I use Final Cut Pro. Most people use it now. I would say if you love it, keep doing it. But do it because you love it, and if a career happens, it happens. If it doesn’t, you at least enjoyed your time pursuing it. I started filming when I was about 15. I’m 24 now, so about nine years.
Krudbenco: Who is the hardest pro to film with (biggest whiner?)
I’m gonna leave this one unanswered. Ha-ha! No one that I film with is that bad. I get to skate with people I like.
andrew: When you have two great clips and you have to edit one out, what do you do? Coin toss?
I use them both!
kevin(thatfilmerkid): How can I become a filmer for a team? How did you save up for cameras when you were a kid?
It sucks to say, but knowing the dudes on the team is usually the best way to get a job. I had to work 40 hours a week to buy a camera.
jimmo308: What is a good editing program for short money?
Final Cut Pro Studio. It doesn’t have all the bells and whistles, but it gets the job done!
JUST SKATE: I have a question about the Active site contest. Is it about how good the filming is, how good the skateboarding is, how good the editing is, or all mixed together?
It’s the filming and editing. Good luck!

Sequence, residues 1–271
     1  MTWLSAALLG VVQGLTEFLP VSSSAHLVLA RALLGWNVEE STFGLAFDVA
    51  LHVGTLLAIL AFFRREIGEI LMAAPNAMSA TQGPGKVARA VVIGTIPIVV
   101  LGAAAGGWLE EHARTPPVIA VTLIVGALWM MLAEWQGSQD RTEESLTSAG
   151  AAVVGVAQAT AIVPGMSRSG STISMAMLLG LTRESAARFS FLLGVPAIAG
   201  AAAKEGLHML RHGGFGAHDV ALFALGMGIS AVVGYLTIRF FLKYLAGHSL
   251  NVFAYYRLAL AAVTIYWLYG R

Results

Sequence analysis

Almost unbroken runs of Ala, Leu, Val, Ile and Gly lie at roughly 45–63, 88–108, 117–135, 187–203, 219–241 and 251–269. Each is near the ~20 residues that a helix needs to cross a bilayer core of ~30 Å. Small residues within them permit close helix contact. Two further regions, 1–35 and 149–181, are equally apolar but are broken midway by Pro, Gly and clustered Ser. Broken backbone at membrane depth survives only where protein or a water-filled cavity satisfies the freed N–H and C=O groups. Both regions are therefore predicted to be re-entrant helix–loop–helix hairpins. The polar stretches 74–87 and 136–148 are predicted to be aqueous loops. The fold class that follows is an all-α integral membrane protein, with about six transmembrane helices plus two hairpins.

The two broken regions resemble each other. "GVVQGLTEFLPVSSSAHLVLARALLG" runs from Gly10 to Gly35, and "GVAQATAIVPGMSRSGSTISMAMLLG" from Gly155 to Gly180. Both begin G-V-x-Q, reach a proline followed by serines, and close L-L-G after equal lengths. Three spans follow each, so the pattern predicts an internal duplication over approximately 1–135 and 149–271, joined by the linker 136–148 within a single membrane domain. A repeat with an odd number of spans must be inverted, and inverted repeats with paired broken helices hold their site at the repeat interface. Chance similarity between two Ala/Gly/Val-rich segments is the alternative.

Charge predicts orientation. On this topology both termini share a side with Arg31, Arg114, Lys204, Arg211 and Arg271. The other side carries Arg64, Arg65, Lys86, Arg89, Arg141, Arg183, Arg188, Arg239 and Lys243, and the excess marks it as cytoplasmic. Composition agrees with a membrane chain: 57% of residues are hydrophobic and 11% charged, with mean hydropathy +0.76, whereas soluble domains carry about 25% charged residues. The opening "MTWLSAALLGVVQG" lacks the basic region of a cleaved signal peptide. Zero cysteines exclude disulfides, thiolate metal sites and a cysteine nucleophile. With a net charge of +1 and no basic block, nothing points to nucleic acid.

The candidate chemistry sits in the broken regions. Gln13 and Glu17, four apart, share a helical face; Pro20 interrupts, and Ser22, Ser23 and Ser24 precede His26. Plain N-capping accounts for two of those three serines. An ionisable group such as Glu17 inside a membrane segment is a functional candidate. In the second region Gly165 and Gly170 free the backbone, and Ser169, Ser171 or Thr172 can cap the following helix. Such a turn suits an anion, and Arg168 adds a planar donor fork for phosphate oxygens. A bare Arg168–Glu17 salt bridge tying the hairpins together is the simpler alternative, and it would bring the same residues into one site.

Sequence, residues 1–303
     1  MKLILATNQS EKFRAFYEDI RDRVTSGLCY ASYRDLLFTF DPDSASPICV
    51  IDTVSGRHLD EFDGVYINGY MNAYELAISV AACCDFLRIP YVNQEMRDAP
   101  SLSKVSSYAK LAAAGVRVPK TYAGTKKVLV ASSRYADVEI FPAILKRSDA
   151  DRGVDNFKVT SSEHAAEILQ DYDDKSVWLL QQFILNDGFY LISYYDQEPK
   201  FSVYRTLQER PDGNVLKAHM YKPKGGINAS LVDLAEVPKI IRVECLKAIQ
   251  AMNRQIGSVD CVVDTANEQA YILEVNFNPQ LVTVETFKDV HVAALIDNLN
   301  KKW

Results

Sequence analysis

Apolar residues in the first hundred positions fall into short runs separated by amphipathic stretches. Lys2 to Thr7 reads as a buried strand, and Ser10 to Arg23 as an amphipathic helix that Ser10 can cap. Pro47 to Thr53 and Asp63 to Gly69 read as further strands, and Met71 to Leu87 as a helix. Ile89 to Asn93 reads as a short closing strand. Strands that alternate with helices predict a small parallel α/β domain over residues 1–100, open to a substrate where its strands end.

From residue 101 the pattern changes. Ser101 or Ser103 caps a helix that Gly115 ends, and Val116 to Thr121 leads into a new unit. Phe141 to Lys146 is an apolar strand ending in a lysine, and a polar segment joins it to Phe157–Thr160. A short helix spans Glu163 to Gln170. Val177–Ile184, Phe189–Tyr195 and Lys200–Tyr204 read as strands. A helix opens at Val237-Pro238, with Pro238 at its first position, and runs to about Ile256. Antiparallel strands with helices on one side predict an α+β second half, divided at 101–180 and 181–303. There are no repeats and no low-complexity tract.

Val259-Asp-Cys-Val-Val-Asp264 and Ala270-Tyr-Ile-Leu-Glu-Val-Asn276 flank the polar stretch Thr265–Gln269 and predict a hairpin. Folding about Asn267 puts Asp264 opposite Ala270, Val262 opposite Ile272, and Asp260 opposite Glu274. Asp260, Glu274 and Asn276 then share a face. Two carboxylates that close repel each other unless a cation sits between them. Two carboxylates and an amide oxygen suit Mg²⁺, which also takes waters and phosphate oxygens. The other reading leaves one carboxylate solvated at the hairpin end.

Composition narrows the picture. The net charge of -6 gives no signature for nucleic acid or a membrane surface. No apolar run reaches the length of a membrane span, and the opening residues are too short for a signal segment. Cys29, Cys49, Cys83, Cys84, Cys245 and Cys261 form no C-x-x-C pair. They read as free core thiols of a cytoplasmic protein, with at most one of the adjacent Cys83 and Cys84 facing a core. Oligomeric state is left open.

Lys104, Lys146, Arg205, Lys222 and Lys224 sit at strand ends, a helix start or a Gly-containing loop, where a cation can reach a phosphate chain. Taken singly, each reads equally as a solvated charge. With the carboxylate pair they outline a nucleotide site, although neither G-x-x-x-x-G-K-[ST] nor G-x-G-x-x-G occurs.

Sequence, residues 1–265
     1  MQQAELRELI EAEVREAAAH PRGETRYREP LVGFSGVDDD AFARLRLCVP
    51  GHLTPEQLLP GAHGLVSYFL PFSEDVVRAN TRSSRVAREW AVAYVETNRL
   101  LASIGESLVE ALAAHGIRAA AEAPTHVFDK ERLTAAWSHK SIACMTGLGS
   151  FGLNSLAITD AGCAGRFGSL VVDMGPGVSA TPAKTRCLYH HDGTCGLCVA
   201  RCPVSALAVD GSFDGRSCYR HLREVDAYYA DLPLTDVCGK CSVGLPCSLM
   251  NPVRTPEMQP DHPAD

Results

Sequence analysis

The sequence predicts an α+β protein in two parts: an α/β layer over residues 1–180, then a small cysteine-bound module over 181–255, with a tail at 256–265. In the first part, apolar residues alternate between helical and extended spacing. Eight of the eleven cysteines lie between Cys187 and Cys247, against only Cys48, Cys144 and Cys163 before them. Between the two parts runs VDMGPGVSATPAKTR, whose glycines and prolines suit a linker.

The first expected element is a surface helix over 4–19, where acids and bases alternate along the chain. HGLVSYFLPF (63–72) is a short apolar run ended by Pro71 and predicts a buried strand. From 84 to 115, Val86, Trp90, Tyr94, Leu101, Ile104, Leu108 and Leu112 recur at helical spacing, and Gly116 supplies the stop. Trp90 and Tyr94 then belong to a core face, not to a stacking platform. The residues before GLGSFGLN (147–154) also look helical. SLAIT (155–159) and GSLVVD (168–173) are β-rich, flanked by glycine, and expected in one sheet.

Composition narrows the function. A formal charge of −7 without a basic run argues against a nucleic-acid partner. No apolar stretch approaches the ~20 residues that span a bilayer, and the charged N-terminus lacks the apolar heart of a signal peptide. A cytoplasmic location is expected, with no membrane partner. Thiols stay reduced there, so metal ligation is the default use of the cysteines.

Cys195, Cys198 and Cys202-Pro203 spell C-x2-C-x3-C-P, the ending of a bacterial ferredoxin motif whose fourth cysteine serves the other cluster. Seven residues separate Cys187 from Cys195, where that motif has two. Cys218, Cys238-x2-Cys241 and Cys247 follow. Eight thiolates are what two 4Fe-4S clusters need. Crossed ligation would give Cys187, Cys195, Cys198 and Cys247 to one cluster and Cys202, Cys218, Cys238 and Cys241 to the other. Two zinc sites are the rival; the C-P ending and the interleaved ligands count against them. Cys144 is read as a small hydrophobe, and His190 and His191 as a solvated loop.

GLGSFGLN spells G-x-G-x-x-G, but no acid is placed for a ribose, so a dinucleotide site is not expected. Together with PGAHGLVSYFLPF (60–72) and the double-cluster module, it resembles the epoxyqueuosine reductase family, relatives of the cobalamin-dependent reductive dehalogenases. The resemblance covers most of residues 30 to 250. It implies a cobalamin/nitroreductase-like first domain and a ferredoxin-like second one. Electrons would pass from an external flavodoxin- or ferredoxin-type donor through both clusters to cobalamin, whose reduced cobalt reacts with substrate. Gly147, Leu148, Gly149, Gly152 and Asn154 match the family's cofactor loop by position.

littleapples: Hey Scuba, you’re really handsome. Anyways, what is your favorite type of tapes to film on?
Thanks! I use Sony tapes, the ones in the blue packaging.
JasonHawk: Have you ever filmed someone trying a trick for, like, 15 minutes and when they finally made it, the battery died or you weren’t paying attention?
The longer a trick takes, I definitely lose a little interest, and I have fucked up more than my share of tricks. "Can you do that one more time?" Ha-ha. I try to stay focused, but I have filmed people trying things for hours before. It’s a hard thing to stay positive the whole time, but you’ve got to remember it’s harder for the skater!
clESsic: Do you spend time checking different angles at spots, or do you just know where you’re gonna film from the start?
I definitely run around and change angles at first, then I find one I like, go home, watch the footage and wish I had filmed the other angle I found.
This is how Scuba Steve looks when he arrives home after a six-week filming mission.
James_Allen_Davis: What do you suggest as "basic essential equipment" for somebody who’s on a budget but still wants to make good quality footage? I’m considering using a Mac for editing, etc.
A Mac, for sure. I don’t feel comfortable on a PC. If you can, go on eBay and get a Sony VX1000. You can find them for about a grand now. I know that’s a lot of money, but then again, everything is expensive. The one drawback with the 1000 is that they are so old! It’s a tough call. Just think about if you really love filming before you drop all that money!
StevieJ: How do you like the life of a pro skate filmer and just being in the skateboard industry?
I love it! You know that feeling you get when Summer vacation starts every year? Well, I feel like that all the time!
The interview is over. Don't ask any more questions.